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Nintendo's Lawsuits Aided by Fans

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  • by SauroNlord (707570) on Friday November 12, 2004 @01:21AM (#10795584)
    the corporation is loyal to their customers and treats them fairly---fan's will do their best to have everyone else support them legally. I know I do buy the CD's and games of my favourite artists/titles regardless. I had warcraft3 beta, then the release as it hit the shelves....but I still bought it.
  • by Paska (801395) * on Friday November 12, 2004 @01:21AM (#10795585) Homepage
    Glad to see someone doing something about it, back when I was in high school I used to sell pirated Playstation games to my friends. I was busted by the principle when a mother found her son playing a copied porn game, none the less it was traced back to me. Sony were informed, but did that care? Nope. Life went on for me, and I continued to rip of Sony many hundreds of dollars per week at the ripe age of 14. My point is now that I am 20 years old and mature, I wish Nintendo/Sony would crack down on priates a little more, as the quality in games in my opinion has dropped a lot since the introduction of CD recorders.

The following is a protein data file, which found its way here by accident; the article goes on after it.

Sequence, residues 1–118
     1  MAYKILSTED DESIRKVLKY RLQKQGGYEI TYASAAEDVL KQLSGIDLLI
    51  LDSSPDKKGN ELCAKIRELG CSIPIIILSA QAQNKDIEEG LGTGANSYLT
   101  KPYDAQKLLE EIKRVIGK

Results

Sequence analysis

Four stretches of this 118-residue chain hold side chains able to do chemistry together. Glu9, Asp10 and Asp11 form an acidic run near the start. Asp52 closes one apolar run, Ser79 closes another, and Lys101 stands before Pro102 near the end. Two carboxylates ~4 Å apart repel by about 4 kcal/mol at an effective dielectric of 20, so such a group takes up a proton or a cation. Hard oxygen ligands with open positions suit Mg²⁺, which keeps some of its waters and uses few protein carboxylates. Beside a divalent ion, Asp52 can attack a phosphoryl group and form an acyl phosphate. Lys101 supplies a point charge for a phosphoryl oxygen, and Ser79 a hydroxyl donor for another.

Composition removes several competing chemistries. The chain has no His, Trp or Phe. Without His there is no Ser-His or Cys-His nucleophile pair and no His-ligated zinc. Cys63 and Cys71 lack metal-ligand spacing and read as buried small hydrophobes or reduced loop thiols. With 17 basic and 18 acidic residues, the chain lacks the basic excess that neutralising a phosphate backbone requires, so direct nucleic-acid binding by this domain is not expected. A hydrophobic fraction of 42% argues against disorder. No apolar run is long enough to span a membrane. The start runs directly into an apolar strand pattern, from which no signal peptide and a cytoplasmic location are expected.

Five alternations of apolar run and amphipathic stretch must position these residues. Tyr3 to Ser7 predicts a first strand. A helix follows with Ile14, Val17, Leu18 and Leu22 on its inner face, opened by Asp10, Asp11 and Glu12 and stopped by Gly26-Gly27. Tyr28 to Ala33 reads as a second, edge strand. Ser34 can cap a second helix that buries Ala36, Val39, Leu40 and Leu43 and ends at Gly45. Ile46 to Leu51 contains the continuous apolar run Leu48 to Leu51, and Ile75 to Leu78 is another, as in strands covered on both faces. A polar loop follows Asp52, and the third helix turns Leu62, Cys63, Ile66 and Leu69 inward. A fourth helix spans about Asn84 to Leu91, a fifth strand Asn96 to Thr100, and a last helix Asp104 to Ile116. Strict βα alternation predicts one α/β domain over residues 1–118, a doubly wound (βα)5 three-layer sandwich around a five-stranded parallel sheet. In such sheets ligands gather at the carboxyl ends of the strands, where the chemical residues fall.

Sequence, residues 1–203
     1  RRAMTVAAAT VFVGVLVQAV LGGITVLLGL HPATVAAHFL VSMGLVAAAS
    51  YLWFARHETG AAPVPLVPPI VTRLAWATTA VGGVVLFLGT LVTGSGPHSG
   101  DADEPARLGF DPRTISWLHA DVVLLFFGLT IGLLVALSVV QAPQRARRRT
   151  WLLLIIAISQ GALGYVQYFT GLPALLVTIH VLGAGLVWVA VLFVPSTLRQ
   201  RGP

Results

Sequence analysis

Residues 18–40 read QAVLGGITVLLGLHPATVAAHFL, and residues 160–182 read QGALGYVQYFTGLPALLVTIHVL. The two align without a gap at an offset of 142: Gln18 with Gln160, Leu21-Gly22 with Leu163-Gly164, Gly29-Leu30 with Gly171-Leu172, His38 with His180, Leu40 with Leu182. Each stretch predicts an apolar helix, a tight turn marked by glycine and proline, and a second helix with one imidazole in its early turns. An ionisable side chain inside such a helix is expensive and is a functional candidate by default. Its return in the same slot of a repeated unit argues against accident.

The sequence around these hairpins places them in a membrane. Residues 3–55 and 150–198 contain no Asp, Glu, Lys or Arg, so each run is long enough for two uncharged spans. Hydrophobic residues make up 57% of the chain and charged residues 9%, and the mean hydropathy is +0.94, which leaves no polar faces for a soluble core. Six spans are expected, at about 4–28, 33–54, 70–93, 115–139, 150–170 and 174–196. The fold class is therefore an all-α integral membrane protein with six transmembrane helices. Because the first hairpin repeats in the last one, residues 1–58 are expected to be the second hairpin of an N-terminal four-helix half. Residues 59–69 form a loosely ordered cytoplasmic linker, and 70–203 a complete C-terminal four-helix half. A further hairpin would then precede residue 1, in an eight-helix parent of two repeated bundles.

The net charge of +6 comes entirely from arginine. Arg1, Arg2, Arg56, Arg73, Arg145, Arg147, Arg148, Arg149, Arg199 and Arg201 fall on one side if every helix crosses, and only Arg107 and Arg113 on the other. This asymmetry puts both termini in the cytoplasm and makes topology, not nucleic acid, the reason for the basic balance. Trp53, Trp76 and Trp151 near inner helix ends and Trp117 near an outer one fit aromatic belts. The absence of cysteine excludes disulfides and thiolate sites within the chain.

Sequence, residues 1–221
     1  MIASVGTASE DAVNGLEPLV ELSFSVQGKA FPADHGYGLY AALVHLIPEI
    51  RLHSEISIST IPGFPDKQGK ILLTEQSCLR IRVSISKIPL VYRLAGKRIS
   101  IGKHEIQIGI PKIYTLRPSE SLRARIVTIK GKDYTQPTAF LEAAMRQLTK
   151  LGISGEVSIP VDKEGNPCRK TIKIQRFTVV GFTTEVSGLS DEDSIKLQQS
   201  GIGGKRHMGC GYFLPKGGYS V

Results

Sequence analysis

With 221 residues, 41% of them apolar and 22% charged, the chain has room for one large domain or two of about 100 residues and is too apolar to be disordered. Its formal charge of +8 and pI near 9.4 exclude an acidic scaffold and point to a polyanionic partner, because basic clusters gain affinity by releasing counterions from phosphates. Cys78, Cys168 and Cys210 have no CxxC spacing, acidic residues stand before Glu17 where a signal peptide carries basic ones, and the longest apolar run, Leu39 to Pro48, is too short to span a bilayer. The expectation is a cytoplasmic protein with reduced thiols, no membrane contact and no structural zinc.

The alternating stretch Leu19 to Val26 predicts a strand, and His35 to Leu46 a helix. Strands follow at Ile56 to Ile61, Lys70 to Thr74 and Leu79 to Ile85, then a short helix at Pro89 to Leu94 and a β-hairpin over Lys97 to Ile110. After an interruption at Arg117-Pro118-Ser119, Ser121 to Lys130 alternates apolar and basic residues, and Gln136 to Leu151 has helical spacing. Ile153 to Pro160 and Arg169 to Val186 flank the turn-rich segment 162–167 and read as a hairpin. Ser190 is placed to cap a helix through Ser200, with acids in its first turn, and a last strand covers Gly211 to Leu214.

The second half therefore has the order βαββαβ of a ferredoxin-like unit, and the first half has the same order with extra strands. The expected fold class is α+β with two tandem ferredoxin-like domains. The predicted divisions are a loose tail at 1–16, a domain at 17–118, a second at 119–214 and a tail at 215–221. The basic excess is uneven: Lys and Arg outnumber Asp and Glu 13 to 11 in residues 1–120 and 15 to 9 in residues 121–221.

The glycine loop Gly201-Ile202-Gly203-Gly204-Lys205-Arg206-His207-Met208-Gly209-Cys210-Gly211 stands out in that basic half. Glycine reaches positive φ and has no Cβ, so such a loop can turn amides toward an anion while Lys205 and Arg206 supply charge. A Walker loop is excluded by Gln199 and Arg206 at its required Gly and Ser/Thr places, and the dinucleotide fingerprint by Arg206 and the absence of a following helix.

• by irving47 (73147) on Friday November 12, 2004 @01:23AM (#10795590) Homepage
    I tried one at a mall about six months ago. The thing was junk. Super Mario Brothers was playing about 10% too fast.... Anyone else seen that?

  • by stratjakt (596332) on Friday November 12, 2004 @01:26AM (#10795605) Journal
    This isn't about gamecube piracy, this is about these cheesy import deals that look like N64 controllers, and plug directly into your AV jacks (like all those Atari deals), and have a bunch of old nintendo games built in.

    They sell 'em everywhere, go to any flea market and you can find them. They're as flimsily built as you can imagine. There's a light gun too, for Duck Hunt.

    I believe they just have an image of the old 100-in-one NES bootleg from the olden days.

    Anyways, they're no doubt illegal. But we're talking about Kid Icarus and Duck Hunt, not Metroid Prime and Resident Evil Zero.
  • by subsonic (173806) on Friday November 12, 2004 @01:26AM (#10795606) Journal
    Well, if you look at their history, while they essentially resurrected the video games market, they also severely limited the game developers. In fact, it is this behavior that eventually led to their own fall.
    Indeed, Nintendo had a grip on home consoles in the 80s that would make Microsoft weep. Granted a grasp that was finally loosened by numerous law suits.
    A more loyal fanbase? certainly, but only at the cost of so many million more PS2s and Xboxes.
  • by Tethys_was_taken (813654) on Friday November 12, 2004 @01:30AM (#10795627) Homepage